My parents were teenagers in the 1980s where despite that decade’s woes, this was a world before Facebook and TikTok, and before the internet. My father now works in IT and knows his way round computers – from coding to website-building and lots in between. He taught it to himself when computers were in their infancy, yet in knowing that, he also sees their flaws and how they’re not a replacement for humans. I did not get a Facebook account until I was 16 and schoolchildren bullied me for it. However, now I know what he was protecting me from … the need to fill an emotional hole. The want for human contact … and in the pandemic now, people are now feeling the blight of this hole in the image of constant calls on Zoom, Microsoft Teams and social media, where people just want to see their friends again; a hug from grandma and granddad; a conversation with their cousins they have not seen in over 18 months. Bosnian writer Alexander Haman said that “home is where people notice when you’re not there.” For those of us with mental health problems, many just want to feel that we belong somewhere and what is happening with this mental health crisis, is a wider symptom of a society that has normalised suffering, everything including and in between the overworked educators in schools and HE to settler colonialism in the illegal occupation of Palestine by the Israeli state.

Looking back on my life now, it never occured to me that I was depressed as a thirteen year-old from not only the systematic racist and ableist bullying I experienced from other children, but that causes of my depression were not that something was wrong with me. I was a troubled child rejecting the social conditions of the society he lived in. Many of us have looked for and found solutions in medications, and there is nothing wrong with this. They have helped countless people I know. However, I don’t believe it can be the only solution to a problem that has its roots in violent social conditions. What made us ill in the first place? What caused those so-debunked imbalances in the brain? Whilst they are useful, there are other antidepressants that are also useful. Lots of my neurodivergent friends are creative and they have used different artforms including poetry, filmmaking, photography and fine art to find their tribe and somewhat give their lives meaning. Those of us that work in institutions, how many hours of the day do we have a boss looking over our shoulder, physically or virtually? It doesn’t always feel very nice, especially when you are being micro-managed. The biological weathering that happens in institutional workspaces impacts mental health too, very much so in the lives of POCs. That’s why I like to work with community-focused charities, in that language of collectivism.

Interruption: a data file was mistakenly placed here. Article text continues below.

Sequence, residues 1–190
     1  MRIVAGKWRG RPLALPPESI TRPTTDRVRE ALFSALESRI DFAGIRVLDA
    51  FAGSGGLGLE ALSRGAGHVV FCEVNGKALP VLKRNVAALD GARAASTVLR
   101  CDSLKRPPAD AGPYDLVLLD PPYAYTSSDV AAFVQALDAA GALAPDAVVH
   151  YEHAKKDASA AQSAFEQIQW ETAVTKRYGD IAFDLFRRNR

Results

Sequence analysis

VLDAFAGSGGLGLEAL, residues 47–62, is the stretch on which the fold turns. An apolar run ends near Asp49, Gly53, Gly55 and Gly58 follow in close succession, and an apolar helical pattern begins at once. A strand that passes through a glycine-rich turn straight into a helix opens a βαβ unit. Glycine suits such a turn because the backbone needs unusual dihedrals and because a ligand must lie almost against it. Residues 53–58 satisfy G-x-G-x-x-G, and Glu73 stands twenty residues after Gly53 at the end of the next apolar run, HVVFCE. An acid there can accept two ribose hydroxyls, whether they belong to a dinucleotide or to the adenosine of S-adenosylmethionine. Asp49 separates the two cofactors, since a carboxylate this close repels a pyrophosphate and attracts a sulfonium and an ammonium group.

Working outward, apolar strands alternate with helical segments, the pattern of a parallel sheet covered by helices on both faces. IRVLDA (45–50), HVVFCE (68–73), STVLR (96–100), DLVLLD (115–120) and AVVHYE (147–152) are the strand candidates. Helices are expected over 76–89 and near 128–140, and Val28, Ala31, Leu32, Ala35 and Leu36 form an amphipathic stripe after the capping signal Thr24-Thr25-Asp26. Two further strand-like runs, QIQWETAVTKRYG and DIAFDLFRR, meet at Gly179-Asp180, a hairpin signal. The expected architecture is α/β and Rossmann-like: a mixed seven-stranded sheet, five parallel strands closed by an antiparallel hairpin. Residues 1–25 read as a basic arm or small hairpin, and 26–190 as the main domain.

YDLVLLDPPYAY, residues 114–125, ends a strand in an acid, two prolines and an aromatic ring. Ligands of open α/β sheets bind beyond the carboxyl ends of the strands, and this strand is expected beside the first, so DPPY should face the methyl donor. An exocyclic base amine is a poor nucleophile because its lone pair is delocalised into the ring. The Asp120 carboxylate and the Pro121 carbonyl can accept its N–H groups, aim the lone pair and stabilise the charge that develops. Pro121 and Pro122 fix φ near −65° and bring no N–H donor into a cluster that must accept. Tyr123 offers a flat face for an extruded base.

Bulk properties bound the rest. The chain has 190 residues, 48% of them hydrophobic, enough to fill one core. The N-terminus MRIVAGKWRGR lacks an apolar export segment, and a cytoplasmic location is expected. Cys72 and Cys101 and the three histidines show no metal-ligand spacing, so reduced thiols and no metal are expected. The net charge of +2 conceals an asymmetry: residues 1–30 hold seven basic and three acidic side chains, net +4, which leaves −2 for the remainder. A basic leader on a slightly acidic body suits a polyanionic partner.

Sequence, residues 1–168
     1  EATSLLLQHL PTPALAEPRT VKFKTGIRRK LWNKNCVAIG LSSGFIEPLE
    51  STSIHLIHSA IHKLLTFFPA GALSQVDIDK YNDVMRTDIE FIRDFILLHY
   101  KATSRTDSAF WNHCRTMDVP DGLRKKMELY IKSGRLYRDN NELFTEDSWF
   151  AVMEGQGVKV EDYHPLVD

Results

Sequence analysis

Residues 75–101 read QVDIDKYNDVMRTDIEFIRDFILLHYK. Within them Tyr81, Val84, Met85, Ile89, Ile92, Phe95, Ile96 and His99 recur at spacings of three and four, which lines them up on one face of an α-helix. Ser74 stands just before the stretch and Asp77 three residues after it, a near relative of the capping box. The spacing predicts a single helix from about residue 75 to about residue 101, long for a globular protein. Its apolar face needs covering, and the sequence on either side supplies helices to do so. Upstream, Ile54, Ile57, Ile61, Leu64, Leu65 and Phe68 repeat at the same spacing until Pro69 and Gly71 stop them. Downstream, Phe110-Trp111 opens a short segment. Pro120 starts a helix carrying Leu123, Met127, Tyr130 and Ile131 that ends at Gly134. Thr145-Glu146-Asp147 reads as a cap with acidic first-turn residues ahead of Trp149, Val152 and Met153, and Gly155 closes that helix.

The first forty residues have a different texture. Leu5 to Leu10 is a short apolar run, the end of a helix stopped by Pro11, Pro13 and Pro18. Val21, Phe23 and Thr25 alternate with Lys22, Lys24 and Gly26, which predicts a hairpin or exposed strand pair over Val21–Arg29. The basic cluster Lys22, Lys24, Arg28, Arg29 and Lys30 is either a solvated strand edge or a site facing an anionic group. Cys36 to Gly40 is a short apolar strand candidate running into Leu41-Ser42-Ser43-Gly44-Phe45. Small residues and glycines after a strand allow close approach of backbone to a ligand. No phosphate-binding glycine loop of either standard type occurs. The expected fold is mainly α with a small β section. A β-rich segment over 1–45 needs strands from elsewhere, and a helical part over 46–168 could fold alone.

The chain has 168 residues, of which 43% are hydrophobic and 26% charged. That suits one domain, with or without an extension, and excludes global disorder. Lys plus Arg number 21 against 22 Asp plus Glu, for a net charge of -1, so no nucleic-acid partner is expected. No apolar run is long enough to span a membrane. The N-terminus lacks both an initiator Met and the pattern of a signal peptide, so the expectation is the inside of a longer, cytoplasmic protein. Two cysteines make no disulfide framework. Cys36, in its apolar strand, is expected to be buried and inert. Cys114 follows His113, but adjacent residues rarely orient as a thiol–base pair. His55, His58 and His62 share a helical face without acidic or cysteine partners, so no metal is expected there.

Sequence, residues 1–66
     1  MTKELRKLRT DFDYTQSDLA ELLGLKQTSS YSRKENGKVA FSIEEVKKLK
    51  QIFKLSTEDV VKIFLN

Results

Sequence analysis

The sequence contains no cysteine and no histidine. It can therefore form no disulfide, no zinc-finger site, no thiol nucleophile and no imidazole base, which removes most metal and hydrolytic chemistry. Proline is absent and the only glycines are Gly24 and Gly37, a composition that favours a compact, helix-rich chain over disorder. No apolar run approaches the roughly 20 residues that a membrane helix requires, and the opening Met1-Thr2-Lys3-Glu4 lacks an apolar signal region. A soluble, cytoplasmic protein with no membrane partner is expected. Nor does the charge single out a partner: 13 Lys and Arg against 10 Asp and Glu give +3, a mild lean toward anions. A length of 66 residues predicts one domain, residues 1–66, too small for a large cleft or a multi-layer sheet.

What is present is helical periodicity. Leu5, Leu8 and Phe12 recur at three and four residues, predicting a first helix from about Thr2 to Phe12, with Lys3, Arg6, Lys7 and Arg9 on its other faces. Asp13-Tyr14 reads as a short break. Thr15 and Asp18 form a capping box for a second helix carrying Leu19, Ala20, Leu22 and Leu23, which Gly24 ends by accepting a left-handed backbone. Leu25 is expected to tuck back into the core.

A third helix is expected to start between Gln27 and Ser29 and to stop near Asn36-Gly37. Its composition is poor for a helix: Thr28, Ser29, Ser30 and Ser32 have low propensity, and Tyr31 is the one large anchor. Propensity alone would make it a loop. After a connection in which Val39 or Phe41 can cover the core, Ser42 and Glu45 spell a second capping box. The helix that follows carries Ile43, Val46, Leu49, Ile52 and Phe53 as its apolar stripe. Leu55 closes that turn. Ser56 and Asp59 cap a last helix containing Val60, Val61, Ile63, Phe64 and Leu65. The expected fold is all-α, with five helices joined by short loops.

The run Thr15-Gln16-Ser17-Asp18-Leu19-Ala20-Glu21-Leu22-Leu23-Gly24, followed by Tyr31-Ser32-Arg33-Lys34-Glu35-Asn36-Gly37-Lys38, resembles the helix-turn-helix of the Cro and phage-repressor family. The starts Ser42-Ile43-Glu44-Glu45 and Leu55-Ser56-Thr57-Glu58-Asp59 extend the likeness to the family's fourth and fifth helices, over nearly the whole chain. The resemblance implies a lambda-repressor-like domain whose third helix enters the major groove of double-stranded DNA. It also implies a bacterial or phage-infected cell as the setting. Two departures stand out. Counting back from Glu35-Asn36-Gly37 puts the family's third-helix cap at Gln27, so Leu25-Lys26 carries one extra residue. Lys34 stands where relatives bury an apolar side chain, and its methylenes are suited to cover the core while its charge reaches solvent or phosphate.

When you talk to people in your community, you realise there are more like you than not. And struggling with mental health is not something to be ashamed of. This is what I take from the work I do in education, that people who don’t struggle with their mental health (or don’t think they do / never have struggled) are who I would like to ask questions to, since I feel it is a sign of ill mental health “to be well adjusted to a sick society.” When we follow the neoliberalist playbook verbatim, this is where the powers that be want us. Isolated. Confused. Disorientated. Medications may take the edge off (good). However, solving systemic issues really shakes those in power to the core. What’s more, when communities stick and stay together, making demands for the better, the powerful don’t actually look that powerful.


Referencing

Ahmed, Sara (2018). ‘Rocking the Boat: Women of Colour as Diversity Workers’. Dismantling Race in Higher Education: Race, Whiteness and Decolonising the Academy, eds. Jason Arday and Heidi Safia Mirza. London: Palgrave.

Kwakye, Chelsea and Ogunbiyi, Ore (2019). Taking Up Space: The Black Girl’s Manifesto for Change. London: Merky

For Services to Whiteness: Give Black Britain a Gong over the head

For as long as I have been a contributor on this blog, lots of my entries have sought to discuss issues of race, both when I was a student union officer and then afterwards following the Murder of George Floyd. And in writing those entires since the second half of 2019, I have also written about Honours. I do not intend to stop now. During the Black Lives Matter resurgence last year after the killings of George Floyd and Breonna Taylor, Black Britain also responded with protests and even in some cases, revisited anti-racism within our insitutions, as well as opening up discussions about racism (and Whiteness somewhat) in the UK. And whilst many designated as spokespeople for Black communities bent the knee in solidarity with Black Lives Matter – in the twelve months since those protests, members of the Black establishment sprinted to Buckingham Palace when they were called for the gong … more like a gong over the head. With all that bending, I do wonder if their backs have now grown crooked.